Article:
TOPEKA, Kan. (AP) — Adam Kellogg was a nerdy 16-year-old preparing to board a flight from Kansas City to Florida for a space and science trip to Cape Canaveral when security detained him for 30 minutes due to his driver’s license. guide identified him as female.
Three years later, the University of Kansas student’s driver’s license identifies him as male, but proposed laws in at least eight states could prevent transgender people like him from switching their driver’s licenses and birth certificates. The Republican-controlled Kansas Legislature is considering a bill that defines male and female in state law and bases people’s legal gender identity on their birth anatomy.
Nationwide, conservatives are pushing dozens of proposals in statehouses to limit transgender athletes, gender-affirming cures and drag shows. But in measures like Kansas, LGBTQ rights advocates see a radical new effort to erase the legal existence of trans people, deny recognition to non-binary or gender-fluid people, and ignore those who are intersex — people born with genitalia, reproductive organs, chromosomes, and/or hormone levels that do not match typical definitions of male or female.
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“Something that’s really important to me is being able to just exist as a man, without even thinking about it,” Kellogg said this week as he toured the Statehouse with other transgender people and LGBTQ advocates.
Kellogg now laughs at his airport experience, but it was no laughing matter at the time. So, he tied up the breasts that he would later surgically remove and, “They thought I had a bomb strapped to me.”
Doctors say reproductive anatomy at birth doesn’t always align with strict definitions of sex, and that binary views of sexual identity can lose biological nuances.
LGBTQ rights advocates say having a driver’s license or birth certificate that confirms a transgender person’s identity is important in its own right, but it can also prevent day-to-day hassle or harassment. They also believe the Kansas bill would prevent transgender people from using restrooms and other facilities that align with their gender identities.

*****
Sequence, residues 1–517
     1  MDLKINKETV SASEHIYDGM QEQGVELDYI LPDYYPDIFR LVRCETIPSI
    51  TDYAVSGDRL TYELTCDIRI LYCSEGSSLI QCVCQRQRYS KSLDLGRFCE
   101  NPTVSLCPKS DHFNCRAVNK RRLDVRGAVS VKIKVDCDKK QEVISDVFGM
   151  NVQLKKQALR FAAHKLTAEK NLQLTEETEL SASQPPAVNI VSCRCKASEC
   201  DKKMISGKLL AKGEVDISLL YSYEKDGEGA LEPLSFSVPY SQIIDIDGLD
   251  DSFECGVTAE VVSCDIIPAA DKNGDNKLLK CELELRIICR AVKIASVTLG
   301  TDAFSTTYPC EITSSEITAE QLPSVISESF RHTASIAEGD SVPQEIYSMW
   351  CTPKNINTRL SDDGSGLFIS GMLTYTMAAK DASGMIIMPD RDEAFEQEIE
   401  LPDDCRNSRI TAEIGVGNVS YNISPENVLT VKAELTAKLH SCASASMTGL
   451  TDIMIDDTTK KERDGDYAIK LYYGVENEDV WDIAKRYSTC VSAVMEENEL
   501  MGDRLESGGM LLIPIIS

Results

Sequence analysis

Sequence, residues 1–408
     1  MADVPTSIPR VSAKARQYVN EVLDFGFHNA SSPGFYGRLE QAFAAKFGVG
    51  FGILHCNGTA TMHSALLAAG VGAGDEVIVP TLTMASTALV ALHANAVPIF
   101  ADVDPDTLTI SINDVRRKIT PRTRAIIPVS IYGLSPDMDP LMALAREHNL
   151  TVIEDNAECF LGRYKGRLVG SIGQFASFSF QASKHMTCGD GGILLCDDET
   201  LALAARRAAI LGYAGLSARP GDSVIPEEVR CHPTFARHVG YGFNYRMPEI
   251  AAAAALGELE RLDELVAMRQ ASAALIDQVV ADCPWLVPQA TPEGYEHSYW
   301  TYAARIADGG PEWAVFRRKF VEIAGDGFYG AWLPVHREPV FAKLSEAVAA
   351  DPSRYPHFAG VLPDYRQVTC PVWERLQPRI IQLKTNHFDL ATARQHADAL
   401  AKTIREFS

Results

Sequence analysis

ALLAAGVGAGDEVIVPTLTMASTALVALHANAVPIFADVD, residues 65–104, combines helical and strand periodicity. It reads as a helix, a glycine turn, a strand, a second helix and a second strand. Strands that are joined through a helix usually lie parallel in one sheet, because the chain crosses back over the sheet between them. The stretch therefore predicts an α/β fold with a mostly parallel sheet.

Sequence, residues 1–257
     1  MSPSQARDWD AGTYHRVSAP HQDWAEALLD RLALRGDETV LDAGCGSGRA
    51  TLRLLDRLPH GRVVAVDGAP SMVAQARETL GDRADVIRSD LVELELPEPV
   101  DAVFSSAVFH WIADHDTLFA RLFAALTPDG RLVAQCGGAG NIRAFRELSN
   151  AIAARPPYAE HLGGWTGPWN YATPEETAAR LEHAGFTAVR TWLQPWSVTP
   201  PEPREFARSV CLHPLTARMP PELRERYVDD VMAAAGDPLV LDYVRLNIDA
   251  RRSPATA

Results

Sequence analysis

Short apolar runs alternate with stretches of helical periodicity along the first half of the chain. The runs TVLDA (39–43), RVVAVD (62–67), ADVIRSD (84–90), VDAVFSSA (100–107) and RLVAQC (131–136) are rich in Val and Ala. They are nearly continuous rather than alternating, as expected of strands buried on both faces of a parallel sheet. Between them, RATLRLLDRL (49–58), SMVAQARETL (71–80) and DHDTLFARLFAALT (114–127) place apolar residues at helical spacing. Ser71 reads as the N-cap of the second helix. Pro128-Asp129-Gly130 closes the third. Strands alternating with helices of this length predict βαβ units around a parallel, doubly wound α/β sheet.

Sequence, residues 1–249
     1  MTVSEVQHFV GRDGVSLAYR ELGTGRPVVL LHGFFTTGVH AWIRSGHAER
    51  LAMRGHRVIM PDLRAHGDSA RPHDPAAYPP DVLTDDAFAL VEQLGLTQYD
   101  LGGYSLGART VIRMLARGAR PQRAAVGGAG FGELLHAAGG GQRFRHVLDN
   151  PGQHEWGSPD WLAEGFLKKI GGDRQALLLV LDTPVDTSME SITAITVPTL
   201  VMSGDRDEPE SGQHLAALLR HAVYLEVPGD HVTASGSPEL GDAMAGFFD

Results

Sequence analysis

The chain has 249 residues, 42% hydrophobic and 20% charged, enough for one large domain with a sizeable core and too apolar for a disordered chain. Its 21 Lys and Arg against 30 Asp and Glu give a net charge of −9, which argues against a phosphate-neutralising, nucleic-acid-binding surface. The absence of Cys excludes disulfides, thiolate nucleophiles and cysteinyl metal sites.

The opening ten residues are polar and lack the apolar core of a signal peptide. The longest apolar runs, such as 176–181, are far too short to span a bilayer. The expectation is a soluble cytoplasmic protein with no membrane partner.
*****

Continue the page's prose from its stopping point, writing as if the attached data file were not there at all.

Republicans have put transgender issues at the center of their agenda, a tactic many observers see as an effort to keep conservative voters energized and to nudge Democrat-friendly voters on other issues in the GOP camp. In the Republican response to President Joe Biden’s State of the Union address, Arkansas Governor Sarah Huckabee Sanders mocked the Democratic president as “the first man to cede his presidency to a wakeful mob who can’t even tell you what a woman”.
The Kansas bill had a hearing Wednesday before the state Senate health care committee and is similar to a Republican measure introduced in the U.S. House last year. The Oklahoma Legislature is considering a similar proposal, while North Dakota lawmakers are considering a resolution that would urge public schools and other “public entities” to distinguish “between the sexes based on biological sex at birth.” Mississippi lawmakers had three proposals like Kansas’s, but none have been made this year.
New Hampshire, Tennessee, and Texas also have proposals to define male and female in state law, and a Republican lawmaker in South Carolina has proposed an amendment to the state constitution to legally state that a person’s gender would be based on anatomy at birth. , not a “psychological, chosen, or subjective gender experience.”